End of the year lists
2010 is running its final lap to the finish. Those who visit Between the Seats either regularly or on occasion might have noticed that we are easy graders. We like to dig up the positives in movies rather than hamper on the negatives. Unsurprisingly, the consensus here at the blog is that 2010 was a good year for film. Whether you were escaping to local art house cinemas, exploring the multiple film festivals which invade cities every year or spending your weekends at the multiplex in anticipation of the latest Hollywood offering, the past 12 months were half bad. If you dabbled in a little bit of all three movie watching choices mentioned above, I don’t see how one could have had a bad time at the movies.
Oh, but I can hear the favourite complaints already:
‘It was a terrible year for film,’ and the close runner up, ‘Last year was much better,’ (This despite that I distinctly recall you saying last year ‘It was a terrible year for film.’).
If you really insist, well, in that case I’m sorry to hear that. Better luck next year, I suppose.
With out of the way, the hour is upon us to commemorate some of the best of what the class of ’10 gave us and later on, because such lists can also ignite discussion, some of the worst/disappointments of 2010 as well.
Top 10 films of 2010.
10-Curling (Denis Côté). Côté’s strange yet beautifully lyrical world revolving around an antisocial father-daughter couple is my ‘movie that nobody saw’ pick for the list. There are a host of awkward moments and the performances are fantastic.
9- Let Me in (Matt Reeves). Terrifically well acted and exquisitely well shot, this English-language adaptation of the Swedish horror novel is a testament to how good horror films can be when character development is the film’s primary concern. Of course, none of that matters because it was a box-office dud.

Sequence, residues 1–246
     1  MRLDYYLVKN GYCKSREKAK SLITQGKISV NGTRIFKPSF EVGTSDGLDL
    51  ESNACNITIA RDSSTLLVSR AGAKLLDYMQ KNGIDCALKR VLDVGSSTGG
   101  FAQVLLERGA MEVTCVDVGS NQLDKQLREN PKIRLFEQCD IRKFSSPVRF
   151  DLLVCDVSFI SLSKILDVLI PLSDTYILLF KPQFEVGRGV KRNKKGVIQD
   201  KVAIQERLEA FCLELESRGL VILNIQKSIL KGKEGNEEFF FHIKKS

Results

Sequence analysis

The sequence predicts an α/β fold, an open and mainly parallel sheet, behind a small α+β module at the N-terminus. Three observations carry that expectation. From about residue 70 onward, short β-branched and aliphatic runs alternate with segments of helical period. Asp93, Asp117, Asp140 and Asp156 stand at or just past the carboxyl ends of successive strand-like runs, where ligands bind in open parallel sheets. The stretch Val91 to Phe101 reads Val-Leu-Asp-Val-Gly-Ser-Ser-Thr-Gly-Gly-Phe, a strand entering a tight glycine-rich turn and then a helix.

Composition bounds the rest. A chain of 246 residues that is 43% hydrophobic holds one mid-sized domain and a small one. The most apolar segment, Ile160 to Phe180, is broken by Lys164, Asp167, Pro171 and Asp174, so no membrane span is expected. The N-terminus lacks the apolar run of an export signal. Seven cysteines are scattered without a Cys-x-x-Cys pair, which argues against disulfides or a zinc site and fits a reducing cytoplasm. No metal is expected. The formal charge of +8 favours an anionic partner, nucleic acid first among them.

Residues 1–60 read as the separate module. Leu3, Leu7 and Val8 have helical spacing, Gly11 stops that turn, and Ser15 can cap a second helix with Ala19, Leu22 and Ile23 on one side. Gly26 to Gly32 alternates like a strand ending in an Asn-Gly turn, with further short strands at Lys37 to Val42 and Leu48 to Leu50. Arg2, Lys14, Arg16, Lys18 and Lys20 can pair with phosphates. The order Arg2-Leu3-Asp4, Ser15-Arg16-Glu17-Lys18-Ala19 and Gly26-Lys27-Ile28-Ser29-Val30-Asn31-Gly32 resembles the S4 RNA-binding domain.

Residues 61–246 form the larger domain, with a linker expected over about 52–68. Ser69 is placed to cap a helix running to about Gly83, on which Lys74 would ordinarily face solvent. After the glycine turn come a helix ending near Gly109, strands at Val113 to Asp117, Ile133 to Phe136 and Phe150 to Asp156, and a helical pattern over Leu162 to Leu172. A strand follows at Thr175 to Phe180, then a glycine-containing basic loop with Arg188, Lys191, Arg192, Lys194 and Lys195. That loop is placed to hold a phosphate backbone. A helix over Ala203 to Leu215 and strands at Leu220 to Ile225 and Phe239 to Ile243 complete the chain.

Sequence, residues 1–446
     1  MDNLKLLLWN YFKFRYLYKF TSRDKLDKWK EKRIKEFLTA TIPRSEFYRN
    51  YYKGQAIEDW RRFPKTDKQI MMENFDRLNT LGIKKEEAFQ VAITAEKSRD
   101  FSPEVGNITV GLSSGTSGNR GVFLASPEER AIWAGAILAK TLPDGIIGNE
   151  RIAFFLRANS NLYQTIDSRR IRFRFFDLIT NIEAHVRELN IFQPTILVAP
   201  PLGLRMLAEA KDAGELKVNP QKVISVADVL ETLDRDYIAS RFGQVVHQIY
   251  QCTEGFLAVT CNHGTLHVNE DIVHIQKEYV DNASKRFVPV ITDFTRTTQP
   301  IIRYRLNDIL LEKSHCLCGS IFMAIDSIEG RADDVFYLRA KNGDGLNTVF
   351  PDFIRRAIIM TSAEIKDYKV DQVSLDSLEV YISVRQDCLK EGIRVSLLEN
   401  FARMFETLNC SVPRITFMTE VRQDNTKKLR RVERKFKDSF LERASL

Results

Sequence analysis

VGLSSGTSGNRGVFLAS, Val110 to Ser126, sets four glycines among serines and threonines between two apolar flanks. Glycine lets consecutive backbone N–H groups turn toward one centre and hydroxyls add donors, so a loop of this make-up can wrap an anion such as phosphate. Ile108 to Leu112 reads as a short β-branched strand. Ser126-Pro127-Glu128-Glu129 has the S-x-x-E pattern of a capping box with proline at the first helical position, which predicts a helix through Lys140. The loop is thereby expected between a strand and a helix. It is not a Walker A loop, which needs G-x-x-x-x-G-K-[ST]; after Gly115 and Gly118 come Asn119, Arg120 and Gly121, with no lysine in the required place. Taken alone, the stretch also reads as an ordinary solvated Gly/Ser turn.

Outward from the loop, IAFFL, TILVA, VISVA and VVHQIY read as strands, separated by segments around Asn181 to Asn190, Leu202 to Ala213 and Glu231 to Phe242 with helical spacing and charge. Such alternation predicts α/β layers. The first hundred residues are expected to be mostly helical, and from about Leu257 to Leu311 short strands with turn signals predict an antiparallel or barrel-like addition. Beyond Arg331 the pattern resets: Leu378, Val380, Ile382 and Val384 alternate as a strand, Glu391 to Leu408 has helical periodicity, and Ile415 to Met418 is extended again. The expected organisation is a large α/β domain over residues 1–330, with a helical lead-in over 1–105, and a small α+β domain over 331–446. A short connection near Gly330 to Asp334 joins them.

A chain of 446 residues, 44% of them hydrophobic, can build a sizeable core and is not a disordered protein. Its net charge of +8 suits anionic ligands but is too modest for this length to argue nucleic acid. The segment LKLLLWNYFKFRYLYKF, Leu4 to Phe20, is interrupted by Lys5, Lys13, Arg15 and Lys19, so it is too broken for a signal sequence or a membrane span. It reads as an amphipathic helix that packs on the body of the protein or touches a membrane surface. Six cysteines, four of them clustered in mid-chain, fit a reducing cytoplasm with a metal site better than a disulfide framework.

8- Scott Pilgrim vs. the World (Edgar Wright). Fun, fun and simply more fun. While the actual chemistry between the two leads, the romantic crux of the film, is somewhat unfulfilling, virtually everything else is stellar. The film’s repeat viewing quotient is ridiculously high as well.
7- Shutter Island (Martin Scorsese). Being moved out of its original October 2009 slot to February 2010 might have been a cause for concern, and while the film’s plot is a wee bit predictable, Shutter Island was a beautiful assault on the senses.
6- The Social Network (David Fincher). Many, myself included, thought the notion of making a feature length movie about the creation of Facebook sounded like a joke. In some ways, we are still waiting for the movie about the creation of Facebook since Fincher gave us one of the most interesting, poignant and funny films of 2010.
5-Black Swan (Darren Aronofsky). My favourite Aronofsky movie, which is saying something since this chap also directed Requiem for a Dream and The Wrestler. Its melodrama and visceral qualities rise to almost overbearing heights, which was exactly what made the entire ordeal so effective.
4-The White Ribbon (Michael Haneke). Perhaps the controversial pick of the bunch since most consider this to be a 2009 film. I can’t do much about the fact that its theatrical release in Montréal was February of this year. It’s also freakishly haunting.
3-Incendies (Denis Villeneuve). A family drama draped in a rich emotional and psychological texture. Villenueve’s tale of how the past can come back to haunt us (as well as our progeny) lingers with me still. Lubna Azabal gives one of the best performance of the entire year.
2-Inception (Christopher Nolan). A clever concept is taken to epic proportions under the confident and intelligent guidance of Christopher Nolan, which is a guarantee for success. But Inception didn’t merely end up being ‘rather good’, which itself would have left me happy anyhow. It was freaking awesome.
1-Toy Story 3 (Lee Unkrich and the Pixar family). Never has an animated film been ranked so highly in any of my lists, but the conclusion to the Toy Story trilogy really did have a little bit for everybody, all the while tying up the journey of our favourite characters with a perfect bow ribbon.